President Cyril Ramaphosa is all set to lead the government delegation to the two-day Presidential Health Summit, which will commence in Gauteng province's Boksburg on May 4.

The Department of Health disclosed on Monday that the summit will be attended by "key stakeholders from various constituencies within the health sector to identify alternative and sustainable interventions," SANews reported.

The key stakeholders include government, health and allied health professionals, labor, the business community, academics and researchers, statutory bodies, traditional health practitioners and public health entities.

The summit will also help the government to assess the health system's performance and preparation to implement the National Health Insurance (NHI) and "identify urgent measures needed to recalibrate the system and accelerate the NHI reforms."

The assessment will also reveal if the health department is good enough to "synthesize international experiences and shape approaches for moving closer to building health systems resilience in the South African context."

President Ramaphosa first started the Presidential Health Compact in 2019 and shared his plan for strengthening health facilities in South Africa in the next five years. Presidential Health Compact was started after the first Presidential Health Summit, which took place in October 2018.

Presidential Health Compact, which was signed by the president, health minister and various stakeholders' representatives, mentions the roles of each key stakeholder for the sake of implementation of critical tasks related to UHC (Universal Health Coverage) and NHI in South Africa.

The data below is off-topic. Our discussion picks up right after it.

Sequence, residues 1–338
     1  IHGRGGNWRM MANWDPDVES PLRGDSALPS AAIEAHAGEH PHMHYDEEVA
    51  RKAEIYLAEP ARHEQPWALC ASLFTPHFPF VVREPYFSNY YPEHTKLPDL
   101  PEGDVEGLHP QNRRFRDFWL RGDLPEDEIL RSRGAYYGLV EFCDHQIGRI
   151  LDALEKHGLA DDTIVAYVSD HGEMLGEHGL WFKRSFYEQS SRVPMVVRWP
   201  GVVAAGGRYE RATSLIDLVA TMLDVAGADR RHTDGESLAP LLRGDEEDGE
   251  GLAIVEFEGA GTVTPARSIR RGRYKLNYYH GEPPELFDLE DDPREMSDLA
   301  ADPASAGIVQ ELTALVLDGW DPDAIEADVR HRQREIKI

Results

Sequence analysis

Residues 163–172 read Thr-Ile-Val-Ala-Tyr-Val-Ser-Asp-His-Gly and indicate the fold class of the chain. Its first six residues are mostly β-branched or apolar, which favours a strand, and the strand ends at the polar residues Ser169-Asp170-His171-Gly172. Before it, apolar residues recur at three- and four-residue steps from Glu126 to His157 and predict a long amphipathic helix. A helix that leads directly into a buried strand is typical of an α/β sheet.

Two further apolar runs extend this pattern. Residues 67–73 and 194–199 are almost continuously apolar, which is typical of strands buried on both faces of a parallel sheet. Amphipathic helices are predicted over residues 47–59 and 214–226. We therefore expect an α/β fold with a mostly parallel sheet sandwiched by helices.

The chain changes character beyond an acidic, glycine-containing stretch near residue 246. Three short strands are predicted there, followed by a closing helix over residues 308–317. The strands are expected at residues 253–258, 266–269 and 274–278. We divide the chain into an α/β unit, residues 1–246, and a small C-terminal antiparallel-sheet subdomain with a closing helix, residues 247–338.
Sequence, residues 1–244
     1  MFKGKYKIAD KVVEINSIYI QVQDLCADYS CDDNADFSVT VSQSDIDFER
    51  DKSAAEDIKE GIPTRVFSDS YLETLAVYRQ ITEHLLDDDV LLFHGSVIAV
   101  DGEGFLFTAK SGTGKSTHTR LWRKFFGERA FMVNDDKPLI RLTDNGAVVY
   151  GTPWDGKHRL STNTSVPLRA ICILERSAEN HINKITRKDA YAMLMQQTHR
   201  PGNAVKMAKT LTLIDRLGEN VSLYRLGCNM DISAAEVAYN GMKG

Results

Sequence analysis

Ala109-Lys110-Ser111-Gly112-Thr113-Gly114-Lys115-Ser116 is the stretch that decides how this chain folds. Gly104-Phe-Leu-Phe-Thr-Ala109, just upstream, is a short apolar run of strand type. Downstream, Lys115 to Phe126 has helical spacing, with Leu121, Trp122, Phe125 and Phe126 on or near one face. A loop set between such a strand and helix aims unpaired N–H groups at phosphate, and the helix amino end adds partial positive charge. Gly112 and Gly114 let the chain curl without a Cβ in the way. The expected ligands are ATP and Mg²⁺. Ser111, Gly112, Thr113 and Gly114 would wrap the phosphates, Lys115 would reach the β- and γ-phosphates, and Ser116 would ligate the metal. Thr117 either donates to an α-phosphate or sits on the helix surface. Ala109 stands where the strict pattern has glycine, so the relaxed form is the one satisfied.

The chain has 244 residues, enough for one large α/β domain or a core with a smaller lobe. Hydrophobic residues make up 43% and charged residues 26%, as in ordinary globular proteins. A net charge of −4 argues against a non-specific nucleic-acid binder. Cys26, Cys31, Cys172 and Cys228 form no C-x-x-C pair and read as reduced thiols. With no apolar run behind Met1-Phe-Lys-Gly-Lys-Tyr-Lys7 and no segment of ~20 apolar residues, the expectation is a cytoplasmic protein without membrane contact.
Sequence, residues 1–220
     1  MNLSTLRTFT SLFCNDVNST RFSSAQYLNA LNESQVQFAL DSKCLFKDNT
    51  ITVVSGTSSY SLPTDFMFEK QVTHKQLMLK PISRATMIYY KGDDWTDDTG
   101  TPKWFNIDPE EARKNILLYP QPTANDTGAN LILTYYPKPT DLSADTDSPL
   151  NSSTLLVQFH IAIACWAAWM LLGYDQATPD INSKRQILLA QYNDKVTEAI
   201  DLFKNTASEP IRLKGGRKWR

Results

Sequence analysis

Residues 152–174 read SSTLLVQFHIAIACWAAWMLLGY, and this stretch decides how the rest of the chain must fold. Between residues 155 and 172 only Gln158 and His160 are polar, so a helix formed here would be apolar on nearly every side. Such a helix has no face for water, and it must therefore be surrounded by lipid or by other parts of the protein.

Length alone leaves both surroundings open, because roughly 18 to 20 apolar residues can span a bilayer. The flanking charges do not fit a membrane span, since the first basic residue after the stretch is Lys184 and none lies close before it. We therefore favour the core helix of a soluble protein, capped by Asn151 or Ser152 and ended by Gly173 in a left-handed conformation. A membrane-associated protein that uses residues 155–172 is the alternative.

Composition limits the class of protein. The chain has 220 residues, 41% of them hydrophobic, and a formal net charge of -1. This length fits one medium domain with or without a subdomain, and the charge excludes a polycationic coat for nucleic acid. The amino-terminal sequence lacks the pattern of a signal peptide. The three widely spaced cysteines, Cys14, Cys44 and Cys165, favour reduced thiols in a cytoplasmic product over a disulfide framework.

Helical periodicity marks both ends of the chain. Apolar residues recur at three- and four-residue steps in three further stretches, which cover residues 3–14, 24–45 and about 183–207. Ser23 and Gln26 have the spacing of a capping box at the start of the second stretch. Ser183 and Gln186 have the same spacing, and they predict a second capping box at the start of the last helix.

Dr. Brian Chirombo, who served as Acting World Health Organisation (WHO) Representative to South Africa in 2018, promised in 2018 that the compact's implementation would significantly contribute to improving South Africa's healthcare system. It will help many South Africans to access good quality health services across the nation.

"We believe that it is the path to South Africa's acceleration towards Universal Health Coverage, which will ensure that the country contributes to Sustainable Development Goals, especially Goal 3 on Health, aimed at ensuring healthy lives and promoting well-being for all at all ages," Chirombo said at that time.

In the previous summit President Ramaphosa shared a report, revealing that since he became the president in 2015, he has been receiving numerous complaints about the poor quality of health care South Africans are experiencing in clinics and hospitals.

At that time, he noted that the complaints included "inadequate access to medicines, equipment and technology, and numbers of staff in our facilities, unprofessional conduct of staff, labor unrest, corruption and theft of hospital property."

The president acknowledged that the country has more than seven million HIV cases, diabetes is rising and there are many other health-related concerns such as hypertension, cancer, high maternal death and poor mental health status.

Ramaphosa explained that in order to improve health care, there needs to be a collective approach to unleash the energy of all stakeholders.

"Public health requires a multi-sectoral approach because together we can leverage the pool of technical know-how, expertise, reach and human, physical and infrastructural resources," he said.

South African President Ramaphosa responds to a parliamentary debate on his state of the nation address in Cape Town